Behind the Lens: A $16 Million Flop

Photos and musings from photographer David Kidd.

maglev train Old Dominion University
(David Kidd)
Nearly 20 years ago, plans were approved for a magnetic levitation, or maglev, train that would whisk students across the campus of Virginia's Old Dominion University riding on a thin cushion of air.

By 2002, an elevated concrete and steel guideway was constructed across the Norfolk, Va., school. The state kicked in nearly half of the project's $16 million price tag. A blue-and-white train car was set upon the track, and tests were run.

But the maglev proved to be more complicated than originally thought.

The car never traveled more than a short distance, at speeds far less than the promised 40 miles per hour. More test runs took place over the next few years -- some of them paid for by selling most of the metal track as scrap.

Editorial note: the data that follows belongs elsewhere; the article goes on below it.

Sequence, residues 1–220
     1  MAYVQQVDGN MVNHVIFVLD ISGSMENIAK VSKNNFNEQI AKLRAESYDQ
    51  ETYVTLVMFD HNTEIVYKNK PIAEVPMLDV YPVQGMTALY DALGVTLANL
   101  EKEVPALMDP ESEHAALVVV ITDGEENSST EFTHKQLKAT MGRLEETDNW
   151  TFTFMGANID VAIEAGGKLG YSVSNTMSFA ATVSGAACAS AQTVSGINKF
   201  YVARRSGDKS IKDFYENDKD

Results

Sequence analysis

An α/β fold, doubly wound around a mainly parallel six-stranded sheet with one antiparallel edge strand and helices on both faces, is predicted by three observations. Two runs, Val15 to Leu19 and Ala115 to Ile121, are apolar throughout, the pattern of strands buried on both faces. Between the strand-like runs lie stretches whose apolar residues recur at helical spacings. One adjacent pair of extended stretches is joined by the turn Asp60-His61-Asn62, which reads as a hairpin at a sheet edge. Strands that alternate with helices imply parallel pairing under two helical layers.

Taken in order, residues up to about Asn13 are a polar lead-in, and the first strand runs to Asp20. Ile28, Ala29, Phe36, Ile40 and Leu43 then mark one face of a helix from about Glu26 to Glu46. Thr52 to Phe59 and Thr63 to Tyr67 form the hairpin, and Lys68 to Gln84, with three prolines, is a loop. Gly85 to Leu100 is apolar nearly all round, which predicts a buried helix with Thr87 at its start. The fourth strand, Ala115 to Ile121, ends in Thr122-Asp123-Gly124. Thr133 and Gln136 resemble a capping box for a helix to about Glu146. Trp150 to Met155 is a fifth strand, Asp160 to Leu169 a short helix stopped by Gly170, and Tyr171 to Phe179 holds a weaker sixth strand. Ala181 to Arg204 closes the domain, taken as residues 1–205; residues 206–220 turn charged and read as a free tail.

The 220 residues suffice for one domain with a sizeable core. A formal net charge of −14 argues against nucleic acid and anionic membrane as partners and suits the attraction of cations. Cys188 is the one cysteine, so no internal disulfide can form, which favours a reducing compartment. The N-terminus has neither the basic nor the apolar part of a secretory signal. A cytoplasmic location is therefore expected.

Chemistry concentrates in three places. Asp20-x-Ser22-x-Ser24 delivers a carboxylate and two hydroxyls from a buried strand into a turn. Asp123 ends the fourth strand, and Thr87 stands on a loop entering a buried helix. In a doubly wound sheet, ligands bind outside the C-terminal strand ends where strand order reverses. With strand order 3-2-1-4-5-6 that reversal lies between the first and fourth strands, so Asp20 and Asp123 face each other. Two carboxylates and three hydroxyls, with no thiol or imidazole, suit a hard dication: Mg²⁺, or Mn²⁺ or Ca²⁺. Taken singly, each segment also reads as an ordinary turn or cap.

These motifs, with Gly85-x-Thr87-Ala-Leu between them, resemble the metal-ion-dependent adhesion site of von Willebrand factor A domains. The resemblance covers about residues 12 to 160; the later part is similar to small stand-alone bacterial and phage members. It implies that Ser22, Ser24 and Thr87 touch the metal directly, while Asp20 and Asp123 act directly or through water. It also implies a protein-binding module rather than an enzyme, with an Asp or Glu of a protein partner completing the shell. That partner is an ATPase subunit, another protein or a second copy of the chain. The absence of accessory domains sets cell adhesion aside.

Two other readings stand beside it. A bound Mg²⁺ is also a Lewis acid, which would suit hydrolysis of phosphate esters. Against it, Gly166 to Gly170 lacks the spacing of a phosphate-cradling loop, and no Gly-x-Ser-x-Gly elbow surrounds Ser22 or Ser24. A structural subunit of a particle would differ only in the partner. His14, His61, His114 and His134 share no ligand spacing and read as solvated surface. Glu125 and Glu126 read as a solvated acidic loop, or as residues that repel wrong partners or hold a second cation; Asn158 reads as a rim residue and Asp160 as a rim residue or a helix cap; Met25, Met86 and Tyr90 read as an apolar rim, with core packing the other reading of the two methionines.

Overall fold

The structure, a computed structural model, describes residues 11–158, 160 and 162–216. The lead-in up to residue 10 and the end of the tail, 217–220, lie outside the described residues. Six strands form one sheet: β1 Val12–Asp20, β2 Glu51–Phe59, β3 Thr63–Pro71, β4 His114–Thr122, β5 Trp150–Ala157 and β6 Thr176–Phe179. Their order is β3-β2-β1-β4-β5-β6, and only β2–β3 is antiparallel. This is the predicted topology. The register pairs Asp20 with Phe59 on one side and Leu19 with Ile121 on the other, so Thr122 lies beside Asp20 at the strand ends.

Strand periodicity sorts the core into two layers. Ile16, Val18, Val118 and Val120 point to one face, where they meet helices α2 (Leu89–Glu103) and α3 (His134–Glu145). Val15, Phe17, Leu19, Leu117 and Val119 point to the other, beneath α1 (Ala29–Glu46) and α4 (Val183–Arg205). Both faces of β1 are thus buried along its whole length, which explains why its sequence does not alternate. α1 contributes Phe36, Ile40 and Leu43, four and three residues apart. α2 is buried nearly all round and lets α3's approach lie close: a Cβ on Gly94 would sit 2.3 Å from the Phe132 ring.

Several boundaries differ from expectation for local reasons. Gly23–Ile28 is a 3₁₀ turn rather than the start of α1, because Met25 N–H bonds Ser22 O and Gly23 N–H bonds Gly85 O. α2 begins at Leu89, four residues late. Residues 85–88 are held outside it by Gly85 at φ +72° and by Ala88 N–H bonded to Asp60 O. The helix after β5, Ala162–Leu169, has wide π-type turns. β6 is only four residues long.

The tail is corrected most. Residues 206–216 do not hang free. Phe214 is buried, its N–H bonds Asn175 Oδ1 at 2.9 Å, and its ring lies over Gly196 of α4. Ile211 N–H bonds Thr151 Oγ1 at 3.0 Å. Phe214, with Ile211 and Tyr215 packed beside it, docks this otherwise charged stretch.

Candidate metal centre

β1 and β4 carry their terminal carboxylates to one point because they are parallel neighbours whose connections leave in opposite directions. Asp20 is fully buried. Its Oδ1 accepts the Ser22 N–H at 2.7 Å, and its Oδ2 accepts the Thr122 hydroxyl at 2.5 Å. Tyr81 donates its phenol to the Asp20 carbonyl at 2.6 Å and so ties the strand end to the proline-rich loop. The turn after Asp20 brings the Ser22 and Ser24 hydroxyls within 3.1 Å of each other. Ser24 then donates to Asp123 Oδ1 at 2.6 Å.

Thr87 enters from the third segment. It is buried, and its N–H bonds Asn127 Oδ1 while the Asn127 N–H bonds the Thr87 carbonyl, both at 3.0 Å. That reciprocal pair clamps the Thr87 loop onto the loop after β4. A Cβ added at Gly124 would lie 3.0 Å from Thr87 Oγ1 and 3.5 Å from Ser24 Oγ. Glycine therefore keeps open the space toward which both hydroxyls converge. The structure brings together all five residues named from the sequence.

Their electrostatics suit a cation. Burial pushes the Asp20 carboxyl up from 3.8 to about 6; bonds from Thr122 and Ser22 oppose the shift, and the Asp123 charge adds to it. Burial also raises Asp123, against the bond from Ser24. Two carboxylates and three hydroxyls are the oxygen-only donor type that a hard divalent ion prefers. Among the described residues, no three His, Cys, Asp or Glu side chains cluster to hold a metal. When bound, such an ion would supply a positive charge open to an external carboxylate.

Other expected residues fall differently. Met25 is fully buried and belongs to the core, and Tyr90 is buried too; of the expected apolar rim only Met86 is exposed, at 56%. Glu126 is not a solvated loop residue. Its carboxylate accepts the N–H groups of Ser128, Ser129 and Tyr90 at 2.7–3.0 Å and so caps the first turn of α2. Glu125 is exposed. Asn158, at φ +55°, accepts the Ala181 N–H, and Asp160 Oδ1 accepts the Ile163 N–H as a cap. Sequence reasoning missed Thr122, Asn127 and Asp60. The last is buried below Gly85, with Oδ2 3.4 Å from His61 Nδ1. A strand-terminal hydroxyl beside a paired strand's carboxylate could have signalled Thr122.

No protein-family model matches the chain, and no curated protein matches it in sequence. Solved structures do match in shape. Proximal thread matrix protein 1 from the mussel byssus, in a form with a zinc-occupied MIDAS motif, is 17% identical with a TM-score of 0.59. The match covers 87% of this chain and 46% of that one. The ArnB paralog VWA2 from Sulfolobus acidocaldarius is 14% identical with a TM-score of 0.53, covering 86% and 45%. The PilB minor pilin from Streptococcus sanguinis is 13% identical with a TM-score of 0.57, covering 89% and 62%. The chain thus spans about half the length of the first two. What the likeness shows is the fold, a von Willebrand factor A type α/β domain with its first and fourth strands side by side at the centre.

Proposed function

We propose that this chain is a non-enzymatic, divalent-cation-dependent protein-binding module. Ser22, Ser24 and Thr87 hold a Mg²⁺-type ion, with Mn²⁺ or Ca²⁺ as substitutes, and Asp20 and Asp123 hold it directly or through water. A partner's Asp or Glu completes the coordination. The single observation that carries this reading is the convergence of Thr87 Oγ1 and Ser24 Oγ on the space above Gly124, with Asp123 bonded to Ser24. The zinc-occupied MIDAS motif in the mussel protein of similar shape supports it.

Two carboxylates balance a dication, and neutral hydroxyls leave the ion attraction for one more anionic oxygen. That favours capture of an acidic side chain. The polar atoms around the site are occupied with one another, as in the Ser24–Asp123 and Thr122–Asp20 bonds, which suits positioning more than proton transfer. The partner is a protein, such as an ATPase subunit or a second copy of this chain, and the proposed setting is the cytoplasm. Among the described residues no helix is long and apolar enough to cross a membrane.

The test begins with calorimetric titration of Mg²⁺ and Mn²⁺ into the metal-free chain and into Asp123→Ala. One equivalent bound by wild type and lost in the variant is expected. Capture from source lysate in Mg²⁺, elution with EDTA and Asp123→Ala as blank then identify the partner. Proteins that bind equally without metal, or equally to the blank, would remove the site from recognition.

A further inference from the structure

The last of the three stations was demolished in 2010. But a 3,200-foot overhead concrete guideway remains. Today, students at Old Dominion use it as a landmark and to provide a small amount of protection from sun and rain.

Zach Patton -- Executive Editor. Zach joined GOVERNING as a staff writer in 2004. He received the 2011 Jesse H. Neal Award for Outstanding Journalism
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